The Social Cocktail, Part 1: Mixology

Gnip’s Chris Moody has been talking about the “Social Cocktail” recently, both at Strata and Big Boulder. At Gnip, we talk about the social cocktail a lot–mainly because people like cocktails. But also, it is an apt metaphor for thinking about what social data is useful for our customers. What audiences and modes of conversation are needed to build out understanding your market, your customers, perceptions of your product and the evolution of your message?

The fundamental question it answers is: Why analyze social data from more than one publisher?

Each social media publisher brings distinct capabilities and audiences, and encourages unique ways for users to interact and express themselves. The overlap in audience between some publishers is low, so adding publishers helps broaden topic coverage and audience perspective. Microblogs (e.g. Twitter) are fast and concise, making it easier to tease out breaking stories and emerging conversations. Blog comments indicate engagement and controversy, and therefore point back to interesting blog posts, where the in-depth analysis is found. Votes and likes provide additional signals of reader engagement–indications of the quality and the pitch of conversation.

To get the right mix, it is essential to understand some of the properties of each publisher’s firehose.  In this post, we’ll look at high-level attributes of the social media publishers.  In the next post, we will dive into a brief description of the social media responses to expected and unexpected events. Finally, in the third post, we’ll end with an example of the social cocktail in examining a real-world event—the JPMorgan-Chase $2+ billion loss announcement in May 2012.

One revealing way to compare publishers is to understand their relative speed and content richness.  In this case, fast content means that a statistically relevant sample of activity arrives shortly after the event or topic happens in the real world.  “Shortly” can mean tweets follow the event by be less than a minute, for some topics on Twitter (e.g. earthquakes).  In contrast to the speediest media responses, posts about the 2008 banking crisis in major US backs are probably still being written in 2012 as we continue to examine and discuss bank regulation.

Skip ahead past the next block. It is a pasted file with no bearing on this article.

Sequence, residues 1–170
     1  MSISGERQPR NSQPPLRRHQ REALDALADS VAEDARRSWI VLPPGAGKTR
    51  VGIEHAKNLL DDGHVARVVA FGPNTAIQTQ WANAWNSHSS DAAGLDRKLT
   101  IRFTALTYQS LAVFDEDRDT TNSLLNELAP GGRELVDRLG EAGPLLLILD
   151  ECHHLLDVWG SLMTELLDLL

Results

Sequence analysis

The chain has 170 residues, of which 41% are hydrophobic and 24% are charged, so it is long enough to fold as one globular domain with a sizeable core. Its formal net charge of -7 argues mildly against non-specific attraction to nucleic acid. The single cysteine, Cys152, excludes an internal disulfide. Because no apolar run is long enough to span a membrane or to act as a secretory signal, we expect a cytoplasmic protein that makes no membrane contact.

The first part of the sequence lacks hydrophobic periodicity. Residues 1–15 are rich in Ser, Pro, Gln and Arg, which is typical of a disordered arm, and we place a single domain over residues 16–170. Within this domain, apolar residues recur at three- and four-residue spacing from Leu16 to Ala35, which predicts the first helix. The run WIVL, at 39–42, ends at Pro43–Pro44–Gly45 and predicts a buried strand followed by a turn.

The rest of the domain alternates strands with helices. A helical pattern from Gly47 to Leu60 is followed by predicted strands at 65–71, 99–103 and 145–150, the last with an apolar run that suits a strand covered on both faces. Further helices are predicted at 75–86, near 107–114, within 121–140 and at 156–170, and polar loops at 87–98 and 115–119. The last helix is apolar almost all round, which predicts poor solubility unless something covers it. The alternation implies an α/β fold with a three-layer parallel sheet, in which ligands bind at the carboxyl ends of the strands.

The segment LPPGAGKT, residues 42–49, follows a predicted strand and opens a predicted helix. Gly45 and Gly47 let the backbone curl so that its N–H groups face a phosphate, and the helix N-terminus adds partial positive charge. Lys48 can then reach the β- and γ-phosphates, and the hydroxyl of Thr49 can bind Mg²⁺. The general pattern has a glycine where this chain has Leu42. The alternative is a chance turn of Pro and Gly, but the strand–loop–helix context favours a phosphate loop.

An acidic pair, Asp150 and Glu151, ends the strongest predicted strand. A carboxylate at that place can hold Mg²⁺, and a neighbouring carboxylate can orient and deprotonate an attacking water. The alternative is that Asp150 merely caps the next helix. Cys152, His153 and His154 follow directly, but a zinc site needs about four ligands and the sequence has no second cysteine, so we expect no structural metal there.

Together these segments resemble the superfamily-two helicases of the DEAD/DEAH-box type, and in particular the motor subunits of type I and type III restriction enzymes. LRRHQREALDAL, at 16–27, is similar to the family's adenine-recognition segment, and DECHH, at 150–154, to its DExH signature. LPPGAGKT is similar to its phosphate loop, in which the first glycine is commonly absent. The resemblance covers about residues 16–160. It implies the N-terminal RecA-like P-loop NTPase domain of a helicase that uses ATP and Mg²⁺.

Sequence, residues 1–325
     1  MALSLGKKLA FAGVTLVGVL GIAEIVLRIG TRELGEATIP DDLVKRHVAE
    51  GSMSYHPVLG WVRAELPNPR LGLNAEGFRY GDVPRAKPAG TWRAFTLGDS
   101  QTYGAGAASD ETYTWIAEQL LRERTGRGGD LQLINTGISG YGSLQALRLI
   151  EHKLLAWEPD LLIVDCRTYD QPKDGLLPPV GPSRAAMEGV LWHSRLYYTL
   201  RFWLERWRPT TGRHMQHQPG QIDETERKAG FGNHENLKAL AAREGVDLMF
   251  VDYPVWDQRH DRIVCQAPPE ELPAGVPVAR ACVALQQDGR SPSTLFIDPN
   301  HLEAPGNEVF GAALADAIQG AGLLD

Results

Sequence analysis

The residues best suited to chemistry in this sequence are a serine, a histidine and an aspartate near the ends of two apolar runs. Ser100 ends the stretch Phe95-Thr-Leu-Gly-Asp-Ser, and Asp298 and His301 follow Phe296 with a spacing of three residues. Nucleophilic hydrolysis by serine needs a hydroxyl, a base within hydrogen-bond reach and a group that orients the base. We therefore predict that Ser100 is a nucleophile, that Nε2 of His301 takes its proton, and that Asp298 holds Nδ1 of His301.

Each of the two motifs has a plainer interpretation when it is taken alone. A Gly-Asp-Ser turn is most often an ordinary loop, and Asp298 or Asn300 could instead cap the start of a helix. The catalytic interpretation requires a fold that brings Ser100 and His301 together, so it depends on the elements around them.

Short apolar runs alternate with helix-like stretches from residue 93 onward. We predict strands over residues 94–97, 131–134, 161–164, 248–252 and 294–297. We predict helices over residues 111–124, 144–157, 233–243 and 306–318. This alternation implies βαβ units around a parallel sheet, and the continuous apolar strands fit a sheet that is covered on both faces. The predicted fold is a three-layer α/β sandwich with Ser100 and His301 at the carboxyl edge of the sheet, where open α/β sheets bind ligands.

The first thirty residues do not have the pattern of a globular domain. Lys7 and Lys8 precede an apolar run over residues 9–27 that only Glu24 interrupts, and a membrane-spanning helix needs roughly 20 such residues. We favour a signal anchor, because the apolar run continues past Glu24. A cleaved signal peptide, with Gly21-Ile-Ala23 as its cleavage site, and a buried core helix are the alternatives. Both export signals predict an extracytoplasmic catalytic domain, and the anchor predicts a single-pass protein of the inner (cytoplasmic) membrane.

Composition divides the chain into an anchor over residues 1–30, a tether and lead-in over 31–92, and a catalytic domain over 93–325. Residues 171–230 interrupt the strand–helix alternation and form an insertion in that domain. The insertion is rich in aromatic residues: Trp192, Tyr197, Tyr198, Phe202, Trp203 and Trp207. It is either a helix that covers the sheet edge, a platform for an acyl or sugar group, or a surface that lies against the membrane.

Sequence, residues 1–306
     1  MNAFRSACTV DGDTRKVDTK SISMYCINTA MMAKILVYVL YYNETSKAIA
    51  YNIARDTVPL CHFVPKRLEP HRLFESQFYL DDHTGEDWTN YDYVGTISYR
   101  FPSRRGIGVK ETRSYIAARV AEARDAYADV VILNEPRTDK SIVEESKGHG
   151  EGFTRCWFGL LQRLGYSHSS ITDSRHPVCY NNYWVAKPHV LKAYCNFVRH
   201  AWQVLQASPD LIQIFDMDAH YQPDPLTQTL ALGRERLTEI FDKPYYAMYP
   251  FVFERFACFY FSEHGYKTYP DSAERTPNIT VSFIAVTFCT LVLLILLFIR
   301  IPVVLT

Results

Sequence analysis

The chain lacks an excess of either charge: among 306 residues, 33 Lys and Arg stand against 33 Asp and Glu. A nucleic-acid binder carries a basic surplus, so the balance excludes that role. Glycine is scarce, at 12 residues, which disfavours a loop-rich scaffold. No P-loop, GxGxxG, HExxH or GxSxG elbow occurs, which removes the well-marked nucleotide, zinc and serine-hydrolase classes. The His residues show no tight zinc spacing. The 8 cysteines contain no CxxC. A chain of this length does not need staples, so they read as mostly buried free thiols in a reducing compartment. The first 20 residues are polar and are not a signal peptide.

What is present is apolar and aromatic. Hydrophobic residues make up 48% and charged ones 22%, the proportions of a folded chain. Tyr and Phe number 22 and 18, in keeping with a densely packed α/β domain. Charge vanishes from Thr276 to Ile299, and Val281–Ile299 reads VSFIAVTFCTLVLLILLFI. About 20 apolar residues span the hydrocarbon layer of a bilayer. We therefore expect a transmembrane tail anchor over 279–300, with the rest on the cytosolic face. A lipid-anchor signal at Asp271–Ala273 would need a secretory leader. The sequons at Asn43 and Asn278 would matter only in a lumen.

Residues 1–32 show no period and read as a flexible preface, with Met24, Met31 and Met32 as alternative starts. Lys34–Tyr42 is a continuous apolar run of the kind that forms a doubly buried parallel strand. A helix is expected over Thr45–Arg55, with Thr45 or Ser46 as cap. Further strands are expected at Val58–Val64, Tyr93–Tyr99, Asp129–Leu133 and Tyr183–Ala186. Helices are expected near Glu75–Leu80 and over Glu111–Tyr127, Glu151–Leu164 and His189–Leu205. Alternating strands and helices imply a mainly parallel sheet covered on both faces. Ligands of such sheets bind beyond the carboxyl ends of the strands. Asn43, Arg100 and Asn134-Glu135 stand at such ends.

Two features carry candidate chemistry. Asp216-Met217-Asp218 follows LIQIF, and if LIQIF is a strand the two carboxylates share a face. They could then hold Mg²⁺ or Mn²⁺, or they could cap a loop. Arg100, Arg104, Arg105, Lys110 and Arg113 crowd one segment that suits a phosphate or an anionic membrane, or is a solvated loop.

Another telling dimension for comparison is content richness. While Tweets are very fast, they are also concise. To be a rapid responder to an earthquake or other immediate event, you only have time for the barest facts because you have only 30 seconds to respond with 140 characters. “Just felt an earthquake in DC,” would be a typical response. On the other hand, a publisher such as Tumblr encourages rich media sharing with Spotify plugins, support for video and audio formats, very simple photo uploading and sharing capabilities and a tradition of the users appreciating and sharing creative and artistic photography.  Blogs on Automattic’s WordPress platform can range from 10s of words to 10,000, giving ample opportunity for a writer to explore subtle ideas and complex analyses.

A few properties of Social Media Firehoses explained

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Table 1. Comparison of publisher ingredients.

Both Speed and Content Size can be quantified. We often use measures such as the time for the story activity to peak or the ½-life of a story to characterize speed. See Social Media Pulse for discussion and analytical details.

Content richness can be simply characterized by the number of characters. While this is fairly indicative of the balance of rich vs. concise information in a stream for text content, it overlooks media such as audio, photos, interactive applications, video and music. Other measures of richness might include audience participation, user-network interactions, amount of back-and-forth in a conversation and many higher-level measurements from textual analysis.

Surprising and satisfying cocktails come from a careful mixing of quality and–sometimes unexpected–ingredients. With practice and the right combination of publishers, you can mix a social cocktail to enrich your understanding of the conversations between customers, prospects, partners and pundits. You want to experiment with the mix to match your business use case. Getting the mix just right is always rewarding.

Next week: The Social Media Cocktail, Part 2 – Expected vs. Unexpected Events